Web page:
We considered the dynamic response of a finite, simply supported Euler–Bernoulli beam loaded by a force moving with a constant velocity based on two different gradient nonlocal elasticity models. Both in the Eringen model, in which the strain is a function of gradient stresses, and in the nonlocal model, in which the stress is a function of gradient strain, the theoretical solution for the beam displacements and the bending moments were obtained in the form of the sine series. For Eringen’s model, the particular integral was also obtained in a closed form. The convergence of the series in the gradient stress model (Eringen’s model) is much weaker than that in the gradient strain model. This is due to the fact that Eringen’s natural frequencies are lower than those of the gradient strain model. It means that the stiffness of the beam in the stress gradient model is lower than that in the strain gradient model. Moreover, the critical velocity in the gradient stress model is smaller than that in the gradient strain model. In the case of a stress gradient model, it was a bit difficult to determine the bending moment. This is due to the fact that it cannot be determined directly from formula (4) and also from the fact that the solution determining the bending moments is poorly convergent. These difficulties were overcome by solving the system of two differential equations (14) and (15) instead of Eq. (16) and using the closed solution for aperiodic vibrations. There is also a second reason for which the solution was determined from the system of Eqs. (14) and (15) and not the fourth-order differential equation (16). This approach to the problem allowed to present a solution for both displacement and bending moment in the form of the sine Fourier series. The boundary condition (11) requires some comment (see also [38]). Taking into account the dependencies (4) and (8), it follows that for a simply supported beam at both its ends, the displacement gradient is equal to the bending moment gradient and does not have to be zero in the general loading case. In a special case, when the beam is subjected to static action, concentrated force condition (11) is met. Therefore, assuming boundary condition (11) in the problem under consideration has some justification. The presented closed form solutions have an important meaning in the case when we consider the bending moment or shear force in the beam, particularly in the vicinity of the load point. The differential equation in the gradient strain model, which describes the vibration of the Euler–Bernoulli beam, is of the sixth order. For this reason, we need six boundary conditions instead of four, and it is more difficult to obtain the closed solution for a particular integral than for the stress gradient model and local elasticity model. It is worth emphasizing the significant difference between the two considered beam models. In the nonlocal stress model, the given strain at a given point generates the stresses with nonlocal distribution. In the second model, the stress at a given point generates the nonlocal deformations. In the numerical analysis, dimensionless parameters were used, such as the ratio of the force velocity to the wave propagation velocity, or the ratio of the parameter determining the non-local material properties to the beam span.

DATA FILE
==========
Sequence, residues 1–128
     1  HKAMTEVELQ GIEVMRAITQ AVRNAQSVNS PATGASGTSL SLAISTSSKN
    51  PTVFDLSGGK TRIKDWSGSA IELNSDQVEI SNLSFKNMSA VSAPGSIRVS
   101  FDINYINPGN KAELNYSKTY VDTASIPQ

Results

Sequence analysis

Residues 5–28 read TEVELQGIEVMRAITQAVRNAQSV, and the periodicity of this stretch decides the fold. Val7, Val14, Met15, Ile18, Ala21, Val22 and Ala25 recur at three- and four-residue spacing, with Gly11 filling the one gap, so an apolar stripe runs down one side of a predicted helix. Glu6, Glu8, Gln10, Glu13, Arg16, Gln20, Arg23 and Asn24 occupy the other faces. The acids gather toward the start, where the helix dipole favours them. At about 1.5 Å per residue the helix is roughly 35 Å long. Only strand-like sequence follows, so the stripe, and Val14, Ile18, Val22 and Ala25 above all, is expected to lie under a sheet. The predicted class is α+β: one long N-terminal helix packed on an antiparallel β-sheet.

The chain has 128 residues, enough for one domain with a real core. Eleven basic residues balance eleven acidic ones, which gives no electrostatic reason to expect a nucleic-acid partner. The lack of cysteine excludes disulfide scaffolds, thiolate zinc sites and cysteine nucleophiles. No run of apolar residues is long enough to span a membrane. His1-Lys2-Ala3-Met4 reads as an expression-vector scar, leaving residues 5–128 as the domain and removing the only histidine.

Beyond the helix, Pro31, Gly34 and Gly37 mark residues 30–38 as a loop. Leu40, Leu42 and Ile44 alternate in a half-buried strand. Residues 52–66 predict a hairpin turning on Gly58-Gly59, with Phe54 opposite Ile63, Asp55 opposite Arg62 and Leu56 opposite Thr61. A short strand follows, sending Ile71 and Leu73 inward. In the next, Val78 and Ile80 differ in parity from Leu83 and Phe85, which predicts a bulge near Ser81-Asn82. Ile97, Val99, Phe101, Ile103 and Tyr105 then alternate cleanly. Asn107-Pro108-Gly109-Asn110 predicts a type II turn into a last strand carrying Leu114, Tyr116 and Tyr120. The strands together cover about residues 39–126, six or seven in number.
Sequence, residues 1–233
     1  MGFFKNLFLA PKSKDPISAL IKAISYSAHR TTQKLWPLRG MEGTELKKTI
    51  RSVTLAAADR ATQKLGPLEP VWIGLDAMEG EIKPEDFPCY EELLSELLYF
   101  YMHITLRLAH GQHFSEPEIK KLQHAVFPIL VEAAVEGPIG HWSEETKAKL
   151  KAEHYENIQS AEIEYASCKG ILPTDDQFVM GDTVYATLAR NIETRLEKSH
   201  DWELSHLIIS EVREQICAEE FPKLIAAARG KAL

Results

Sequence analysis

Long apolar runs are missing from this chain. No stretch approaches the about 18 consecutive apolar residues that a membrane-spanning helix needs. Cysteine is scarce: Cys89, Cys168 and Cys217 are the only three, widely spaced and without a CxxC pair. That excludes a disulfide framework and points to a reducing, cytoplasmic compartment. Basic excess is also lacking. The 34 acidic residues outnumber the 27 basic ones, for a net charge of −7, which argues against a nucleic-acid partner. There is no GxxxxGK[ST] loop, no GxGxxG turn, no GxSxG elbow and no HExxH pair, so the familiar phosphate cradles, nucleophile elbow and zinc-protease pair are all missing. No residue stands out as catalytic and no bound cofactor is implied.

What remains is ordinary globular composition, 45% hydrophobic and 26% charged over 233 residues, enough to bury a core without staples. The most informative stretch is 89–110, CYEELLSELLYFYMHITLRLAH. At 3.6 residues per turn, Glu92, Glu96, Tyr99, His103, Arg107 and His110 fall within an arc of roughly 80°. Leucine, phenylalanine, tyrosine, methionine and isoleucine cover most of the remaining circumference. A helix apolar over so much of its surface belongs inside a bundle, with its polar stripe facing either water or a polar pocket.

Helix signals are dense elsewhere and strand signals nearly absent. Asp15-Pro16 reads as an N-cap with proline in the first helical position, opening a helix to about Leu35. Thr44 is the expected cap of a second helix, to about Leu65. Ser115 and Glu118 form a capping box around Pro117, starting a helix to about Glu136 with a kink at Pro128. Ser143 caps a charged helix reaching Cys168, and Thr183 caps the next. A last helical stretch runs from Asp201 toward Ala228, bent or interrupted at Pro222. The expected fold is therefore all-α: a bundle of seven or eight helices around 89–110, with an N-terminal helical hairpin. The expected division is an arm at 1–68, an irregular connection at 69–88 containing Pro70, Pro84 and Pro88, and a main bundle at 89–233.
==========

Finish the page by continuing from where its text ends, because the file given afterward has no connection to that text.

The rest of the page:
It is worth mentioning that in the stress gradient model in the beam, displacement curve discontinuity appears in the point of the concentrated load. This is due to the fact that in Eq. (16) apart from the Dirac delta function, the gradient of this delta also occurs. The second derivative of the Dirac delta function in the Euler–Bernoulli beam models is the angular dislocation of the displacement. It is the explanation for the discontinuity of the curve. For this model, the form of the closed solution depends on whether the speed of movement of the force is less than a certain limit value (

The obtained results for the analyzed gradient models differ in both quantitative and qualitative terms. As shown in [44], a similar situation occurs in the case of stationary stochastic vibrations of the beam. For stochastic excitation in the case of the stress gradient model, the nonlocal effect also depends on the load distribution along the beam. It is important whether the load is distributed over the entire length of the beam or is in the form of a concentrated force. As can be seen, the solutions in both models depend not only on the mechanical and structural properties of the materials but also on the dimensions of the beam (slenderness of the beam).

To sum up, the most important original elements of the presented work are:

- –In the Eringen model, beam displacements (vibrations) and bending moments were determined from the system of equations (14) and (15) in the form of the sum of series rather than fourth-order differential equation, avoiding ambiguity associated with boundary conditions (11), and closed solutions were determined allowing to take into account the peculiarities of bending moments diagrams (“peak” in the place of concentrated force) and shear force (jump in the same place),
- –By deriving partial differential equations in the strain gradient model, solutions were determined in the form of sine Fourier series.

Critical velocities of the moving force were determined for both models and numerical analysis was carried out, emphasizing whether the force velocity is lower or higher than the critical velocity.

The presented problem of vibrations of the Euler–Bernoulli beam caused by a moving force can be generalized by adopting more complex gradient models, for example, by combining the two models adopted in the work or by adopting a higher-order gradient model (see also [37, 38, 39]).